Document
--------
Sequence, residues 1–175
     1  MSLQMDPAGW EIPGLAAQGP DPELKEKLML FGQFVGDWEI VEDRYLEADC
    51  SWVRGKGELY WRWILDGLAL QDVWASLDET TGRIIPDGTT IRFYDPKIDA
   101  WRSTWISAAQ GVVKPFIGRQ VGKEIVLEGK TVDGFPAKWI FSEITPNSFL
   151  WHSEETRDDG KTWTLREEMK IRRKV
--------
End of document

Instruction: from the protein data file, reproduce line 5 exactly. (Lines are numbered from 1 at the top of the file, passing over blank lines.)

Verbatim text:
   151  WHSEETRDDG KTWTLREEMK IRRKV